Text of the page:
Arab Future Cities Expert Outlines Five-Pronged Attack For Sustainable Cities
DUBAI, United Arab Emirates – April 16, 2013 – The Middle East's future development is dependent on its effective embrace of sustainable, technology-driven development strategies, according to one of the world's leading urban matters and public security experts.
The claim was made ahead of next week's Arab Future Cities Summit, which is being held in Doha under the patronage of His Excellency Sheikh Abdul Rahman Bin Khalifa Al Thani.
Sean Patrick O'Brien, Vice President, Urban Matters & Public Security, SAP – the world's largest business software company – said that urban governments could radically alter their development course for the better by adopting a “five-by-five” philosophy.
The approach entails building the future via an intricate, interlined combination of cloud, analytics, mobility and database technology.
“Backed by the right level of visionary leadership, this quintet of solutions can have a dramatic impact in the Middle East through driving good governance, empowering users, engaging communities, unlocking innovative services and achieving unprecedented urban resilience,” said O'Brien, who is one of the keynote speakers at the Arab Future Cities Summit.
The notion of “Five by Five” - two-way radio parlance for signal strength and clarity – is likely to be met by receptive ears across the world.
According to the UN, the number of people living in cities will increase to 6.3 billion by 2050, up from 3.6 billion in 2010.
By 2025, there will be 37 megacities with populations of more than 10 million. The Economist Intelligence Unit states that 50 per cent of the world's population lives in urban centers, with the 120 top cities accounting for 29 per cent of all GDP. 80 per cent of the world's total GDP stems from urban environments.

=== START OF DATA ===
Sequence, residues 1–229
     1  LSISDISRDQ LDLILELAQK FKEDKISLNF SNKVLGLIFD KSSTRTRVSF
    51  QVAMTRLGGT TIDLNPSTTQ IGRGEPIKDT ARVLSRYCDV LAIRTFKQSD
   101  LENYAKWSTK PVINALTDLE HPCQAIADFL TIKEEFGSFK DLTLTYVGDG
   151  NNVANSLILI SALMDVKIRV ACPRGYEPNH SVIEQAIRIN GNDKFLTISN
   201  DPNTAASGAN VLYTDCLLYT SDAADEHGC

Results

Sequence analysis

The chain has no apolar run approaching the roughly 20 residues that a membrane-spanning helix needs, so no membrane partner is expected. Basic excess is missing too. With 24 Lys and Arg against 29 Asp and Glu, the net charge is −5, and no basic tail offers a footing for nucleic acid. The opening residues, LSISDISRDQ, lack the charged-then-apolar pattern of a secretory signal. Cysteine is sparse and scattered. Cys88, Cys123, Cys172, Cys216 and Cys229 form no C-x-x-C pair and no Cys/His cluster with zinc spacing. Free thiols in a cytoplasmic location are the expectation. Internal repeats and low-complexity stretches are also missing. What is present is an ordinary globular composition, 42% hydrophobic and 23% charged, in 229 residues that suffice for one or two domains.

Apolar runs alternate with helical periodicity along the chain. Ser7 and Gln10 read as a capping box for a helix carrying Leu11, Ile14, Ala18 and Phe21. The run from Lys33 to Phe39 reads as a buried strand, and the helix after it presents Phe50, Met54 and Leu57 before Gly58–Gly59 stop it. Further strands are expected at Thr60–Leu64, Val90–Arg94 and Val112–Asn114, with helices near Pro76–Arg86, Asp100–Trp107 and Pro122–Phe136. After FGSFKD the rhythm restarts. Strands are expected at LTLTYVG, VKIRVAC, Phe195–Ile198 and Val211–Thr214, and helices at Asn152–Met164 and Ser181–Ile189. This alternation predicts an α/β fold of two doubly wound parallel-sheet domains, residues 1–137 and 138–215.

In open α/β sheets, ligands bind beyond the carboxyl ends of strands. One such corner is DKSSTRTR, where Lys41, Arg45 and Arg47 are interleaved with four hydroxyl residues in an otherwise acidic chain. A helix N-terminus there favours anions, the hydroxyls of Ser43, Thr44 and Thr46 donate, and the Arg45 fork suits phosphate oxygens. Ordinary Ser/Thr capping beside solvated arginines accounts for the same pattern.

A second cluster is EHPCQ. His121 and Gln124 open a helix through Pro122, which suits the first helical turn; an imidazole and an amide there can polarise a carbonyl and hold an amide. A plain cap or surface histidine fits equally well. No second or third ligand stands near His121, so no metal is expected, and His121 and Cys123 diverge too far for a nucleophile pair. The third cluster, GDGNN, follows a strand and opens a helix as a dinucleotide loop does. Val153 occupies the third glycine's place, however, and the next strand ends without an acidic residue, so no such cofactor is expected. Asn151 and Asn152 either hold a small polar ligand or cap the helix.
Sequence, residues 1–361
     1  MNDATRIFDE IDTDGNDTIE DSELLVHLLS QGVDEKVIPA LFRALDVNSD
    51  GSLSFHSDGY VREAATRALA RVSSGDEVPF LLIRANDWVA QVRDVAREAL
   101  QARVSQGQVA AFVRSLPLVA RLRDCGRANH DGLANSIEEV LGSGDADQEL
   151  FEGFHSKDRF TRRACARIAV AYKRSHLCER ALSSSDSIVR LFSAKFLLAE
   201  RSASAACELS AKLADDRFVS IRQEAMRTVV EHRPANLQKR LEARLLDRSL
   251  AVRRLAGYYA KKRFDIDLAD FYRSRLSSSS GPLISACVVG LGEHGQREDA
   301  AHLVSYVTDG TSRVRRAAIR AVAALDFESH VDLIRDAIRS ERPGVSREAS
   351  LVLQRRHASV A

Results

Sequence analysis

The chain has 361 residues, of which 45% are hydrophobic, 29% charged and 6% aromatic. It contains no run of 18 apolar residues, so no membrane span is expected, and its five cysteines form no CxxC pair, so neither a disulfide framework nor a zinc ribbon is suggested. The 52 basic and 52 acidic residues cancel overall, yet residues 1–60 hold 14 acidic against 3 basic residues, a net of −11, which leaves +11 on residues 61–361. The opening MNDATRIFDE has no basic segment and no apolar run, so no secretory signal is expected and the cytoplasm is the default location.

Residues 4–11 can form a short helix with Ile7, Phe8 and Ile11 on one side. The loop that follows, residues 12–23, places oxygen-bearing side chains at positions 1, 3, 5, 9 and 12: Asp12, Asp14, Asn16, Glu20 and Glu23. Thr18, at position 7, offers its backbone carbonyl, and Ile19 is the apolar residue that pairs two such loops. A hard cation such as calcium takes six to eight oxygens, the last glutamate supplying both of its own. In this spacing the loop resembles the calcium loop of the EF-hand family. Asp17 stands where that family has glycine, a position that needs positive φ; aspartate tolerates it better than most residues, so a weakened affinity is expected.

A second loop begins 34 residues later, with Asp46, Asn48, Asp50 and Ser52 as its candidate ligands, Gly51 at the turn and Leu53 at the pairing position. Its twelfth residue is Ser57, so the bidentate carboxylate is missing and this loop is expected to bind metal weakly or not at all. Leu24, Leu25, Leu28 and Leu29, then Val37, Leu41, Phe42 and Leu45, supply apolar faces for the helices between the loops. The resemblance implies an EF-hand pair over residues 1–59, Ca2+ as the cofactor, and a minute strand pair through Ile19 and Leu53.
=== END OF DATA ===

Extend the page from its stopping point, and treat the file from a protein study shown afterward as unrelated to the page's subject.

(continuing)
A new report from Pike Research believes that such explosive urbanisation is set to drive a new era of smart city initiatives defined by the integration of technology with a strategic approach to sustainability, well-being, and economic development. The research organisation forecasts that the smart city technology market will grow from $6.1 billion annually in 2012 to $20.2 billion in 2020.
“Cities are continually evolving, hugely complex entities,” added O'Brien.
“To develop in an appropriate and sustainable manner requires considerable data-led insight, not to mention the ability to react in real-time to problems ranging from mere inconveniences to life and death situations.”
“Rapid urbanization demands sustainable growth, smarter economics and, most importantly, people power. What we need is good governance through efficient strategies, resource optimization and smarter transport grids. We need user empowerment stemming from real-time, data-driven enlightenment and a new level of transparency that helps populations connect, collaborate and prosper. We also need streamlined processes, and the confidence to innovate that only comes with the most resilient risk prevention and reaction measures. That is what it takes to be a best run city, and that is what SAP's Urban Matters program is all about.”
SAP's Urban Matters program was formed last year with the goal of helping cities and urban settlements improve the lives of people and deliver better, more effective government.
The program builds on an over 30-year old track record of helping cities innovate and sustain themselves. Over 1,700 urban governments worldwide currently run on SAP.